I have suffered intermittent depression and anxiety for many years. I know a great deal about the subjects through both personal experience and my job. Recently I was referred to a psychiatrist in the private sector who after a quite superficial assessment diagnosed with bipolar disorder. I was treated with a mood stabiliser which had no beneficial effect but induced side-effects which made the overall situation much worse. I was also given a course of CBT. This I completed in about 8 weeks and the psychologist was very pleased with my "progress". Therapy consisted of reading passages from an American manual, some discussion and then doing some homework. Because I was doing "so well" I was allowed to leave the course early. Although I scored highly, it conferred no lasting benefit. The technique is beloved by the Insurance Companies because it allegedly gives good quantifiable results in a relatively short time. In reality it is a crude attempt to re-orientate thinking by exposure to repetitive statements. It was also much admired in China during the Cultural Revolution! One year later I am back in square one. My diagnosis of bipolar disorder has been overturned by another psychiatrist who disagreed completely with the original diagnosis (and incidentally shared my views on CBT). I am now taking an antidepressant which may be having a slight effect. I feel as if I have been let down badly by the mental health services in my area - it appears to be a lottery. You may find someone who is knowledgeable and empathetic who will recognise your problems and direct you to appropriate treatment. It may be that this is provided in your area and will be administered competently. Perhaps then you will recover, but if all this happens then you will have been a very lucky person.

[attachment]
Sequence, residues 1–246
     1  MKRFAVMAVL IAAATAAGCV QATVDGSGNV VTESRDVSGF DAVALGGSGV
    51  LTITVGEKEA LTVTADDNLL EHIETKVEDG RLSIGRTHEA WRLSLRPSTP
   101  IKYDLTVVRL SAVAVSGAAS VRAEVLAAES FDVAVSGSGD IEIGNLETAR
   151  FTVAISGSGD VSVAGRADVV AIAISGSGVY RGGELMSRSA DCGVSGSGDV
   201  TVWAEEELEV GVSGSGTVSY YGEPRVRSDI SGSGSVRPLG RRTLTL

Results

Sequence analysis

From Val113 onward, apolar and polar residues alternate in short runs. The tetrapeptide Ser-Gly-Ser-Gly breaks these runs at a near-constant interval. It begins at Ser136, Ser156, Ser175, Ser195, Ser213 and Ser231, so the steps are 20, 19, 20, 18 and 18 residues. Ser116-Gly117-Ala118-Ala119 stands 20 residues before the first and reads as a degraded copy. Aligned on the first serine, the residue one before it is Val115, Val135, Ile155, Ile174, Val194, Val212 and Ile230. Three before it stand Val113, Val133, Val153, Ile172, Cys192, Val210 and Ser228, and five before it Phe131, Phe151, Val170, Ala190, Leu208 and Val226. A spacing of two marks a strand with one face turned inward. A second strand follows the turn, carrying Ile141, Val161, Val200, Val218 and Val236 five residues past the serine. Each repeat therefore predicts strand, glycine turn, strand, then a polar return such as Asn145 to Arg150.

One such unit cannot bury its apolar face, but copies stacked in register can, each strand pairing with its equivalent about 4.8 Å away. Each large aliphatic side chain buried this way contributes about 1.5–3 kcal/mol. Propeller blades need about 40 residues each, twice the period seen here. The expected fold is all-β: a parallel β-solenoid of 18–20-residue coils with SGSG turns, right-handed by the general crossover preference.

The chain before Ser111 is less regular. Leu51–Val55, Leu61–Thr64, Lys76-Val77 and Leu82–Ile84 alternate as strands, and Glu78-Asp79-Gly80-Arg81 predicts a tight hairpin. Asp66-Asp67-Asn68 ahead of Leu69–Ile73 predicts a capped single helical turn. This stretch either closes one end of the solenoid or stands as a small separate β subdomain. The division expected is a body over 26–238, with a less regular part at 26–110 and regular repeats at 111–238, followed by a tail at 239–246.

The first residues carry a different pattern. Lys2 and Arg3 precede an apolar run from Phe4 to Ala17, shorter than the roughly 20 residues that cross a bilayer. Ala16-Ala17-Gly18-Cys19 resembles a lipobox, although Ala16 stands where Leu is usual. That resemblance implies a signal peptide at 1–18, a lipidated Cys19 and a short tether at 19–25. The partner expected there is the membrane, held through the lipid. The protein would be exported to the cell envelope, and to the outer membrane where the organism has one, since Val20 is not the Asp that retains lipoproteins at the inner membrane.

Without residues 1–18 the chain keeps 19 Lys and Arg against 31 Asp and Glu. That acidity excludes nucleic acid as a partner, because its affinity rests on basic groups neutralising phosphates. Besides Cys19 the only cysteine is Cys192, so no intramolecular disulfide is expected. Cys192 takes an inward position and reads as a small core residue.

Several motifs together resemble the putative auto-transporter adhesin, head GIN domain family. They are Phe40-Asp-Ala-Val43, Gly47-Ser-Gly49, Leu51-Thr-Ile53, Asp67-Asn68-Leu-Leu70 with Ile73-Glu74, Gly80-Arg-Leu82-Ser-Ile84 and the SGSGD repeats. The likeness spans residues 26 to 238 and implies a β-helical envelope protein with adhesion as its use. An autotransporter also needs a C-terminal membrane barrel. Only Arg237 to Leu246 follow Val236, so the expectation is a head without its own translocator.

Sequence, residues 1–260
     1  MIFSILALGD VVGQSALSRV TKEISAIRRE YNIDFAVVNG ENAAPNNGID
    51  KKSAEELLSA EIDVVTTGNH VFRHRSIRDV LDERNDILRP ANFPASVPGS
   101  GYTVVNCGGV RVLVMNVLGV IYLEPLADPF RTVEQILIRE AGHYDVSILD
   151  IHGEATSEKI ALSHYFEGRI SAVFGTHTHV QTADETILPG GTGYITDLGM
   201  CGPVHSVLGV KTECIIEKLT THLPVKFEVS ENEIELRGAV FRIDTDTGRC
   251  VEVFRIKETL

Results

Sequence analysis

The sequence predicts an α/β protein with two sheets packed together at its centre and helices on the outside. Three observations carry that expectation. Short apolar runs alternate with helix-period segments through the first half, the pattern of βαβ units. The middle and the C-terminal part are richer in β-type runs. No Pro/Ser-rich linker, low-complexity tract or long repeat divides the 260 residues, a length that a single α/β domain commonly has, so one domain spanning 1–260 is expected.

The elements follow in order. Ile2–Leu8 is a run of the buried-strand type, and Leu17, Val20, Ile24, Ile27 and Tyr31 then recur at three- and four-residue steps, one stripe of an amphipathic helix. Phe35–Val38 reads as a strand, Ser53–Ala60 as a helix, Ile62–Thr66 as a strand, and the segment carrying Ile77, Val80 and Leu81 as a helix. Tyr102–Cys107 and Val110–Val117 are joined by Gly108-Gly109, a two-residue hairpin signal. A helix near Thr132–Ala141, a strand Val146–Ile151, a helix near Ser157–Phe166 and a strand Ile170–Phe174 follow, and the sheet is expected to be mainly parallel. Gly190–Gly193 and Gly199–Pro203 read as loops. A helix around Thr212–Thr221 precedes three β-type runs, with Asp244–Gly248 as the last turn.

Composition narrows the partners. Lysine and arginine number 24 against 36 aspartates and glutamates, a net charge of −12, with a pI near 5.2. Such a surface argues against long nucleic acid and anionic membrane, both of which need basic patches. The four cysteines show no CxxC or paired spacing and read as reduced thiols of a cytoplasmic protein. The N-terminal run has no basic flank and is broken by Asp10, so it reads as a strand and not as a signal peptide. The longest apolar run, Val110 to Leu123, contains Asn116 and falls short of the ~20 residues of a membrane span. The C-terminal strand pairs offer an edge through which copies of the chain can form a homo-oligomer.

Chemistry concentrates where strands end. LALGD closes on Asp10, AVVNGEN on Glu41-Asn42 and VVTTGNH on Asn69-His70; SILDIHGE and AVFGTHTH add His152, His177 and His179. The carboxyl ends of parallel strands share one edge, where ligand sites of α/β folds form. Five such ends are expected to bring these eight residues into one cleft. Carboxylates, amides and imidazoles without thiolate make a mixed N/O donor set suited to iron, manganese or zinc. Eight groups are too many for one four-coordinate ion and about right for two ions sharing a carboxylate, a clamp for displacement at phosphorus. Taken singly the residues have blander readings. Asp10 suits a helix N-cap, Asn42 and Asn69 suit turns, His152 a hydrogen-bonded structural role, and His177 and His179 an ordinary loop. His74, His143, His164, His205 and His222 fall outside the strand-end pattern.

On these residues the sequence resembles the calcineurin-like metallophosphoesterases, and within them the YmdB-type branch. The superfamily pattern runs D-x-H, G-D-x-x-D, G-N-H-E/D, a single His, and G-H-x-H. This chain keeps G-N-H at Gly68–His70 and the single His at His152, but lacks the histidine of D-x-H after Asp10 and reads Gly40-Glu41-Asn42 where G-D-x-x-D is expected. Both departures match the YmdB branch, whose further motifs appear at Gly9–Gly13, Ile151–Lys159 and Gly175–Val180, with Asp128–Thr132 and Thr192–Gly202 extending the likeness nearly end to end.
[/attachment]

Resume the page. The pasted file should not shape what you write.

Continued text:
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  • 11. At 1:55pm on 31 Oct 2008, KateS2008 wrote:

    As a therapist working within one of the Pathfinder agencies collecting data for this research, I would add that it seems that CBT is always the kind of therapy that is mentioned, whilst other theoretical perspectives are rarely mentioned, if at all. The agency in which I work has therapists working from Person Centred, Transactional Analysis, Gestalt, Existential, Trans-Personal, Integrative, and CBT perspectives.
    Having been part of the form filling and measuring exercises that have contributed to these statistics, what I can say is that they appear to be sound statistics based on what I experience of the change in my clients at the end of therapy, compared to their presentation at the start.
    Many people have quite rightly pointed out that re-wiring the brain doesn't seem enough, and as much as CBT has its place, I am of the opinion that it should be part of a therapeutic relationship in which the deeper feelings and triggers are explored also, for a more lasting and positive change to be brought about.
    My experience is that the organisation I work for is committed to bringing in new people, via a rigorous selection procedure, and so ensuring that the future of talking therapies is secured, for the masses, not just the "Clinical population".
    Doesn't everyone need a "leg-up" occasionally? And access to talking therapies for *everyone* is a cause close to my heart, but as has been already pointed out, money is the issue...

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  • 12. At 10:30am on 02 Nov 2008, notoappeasement wrote: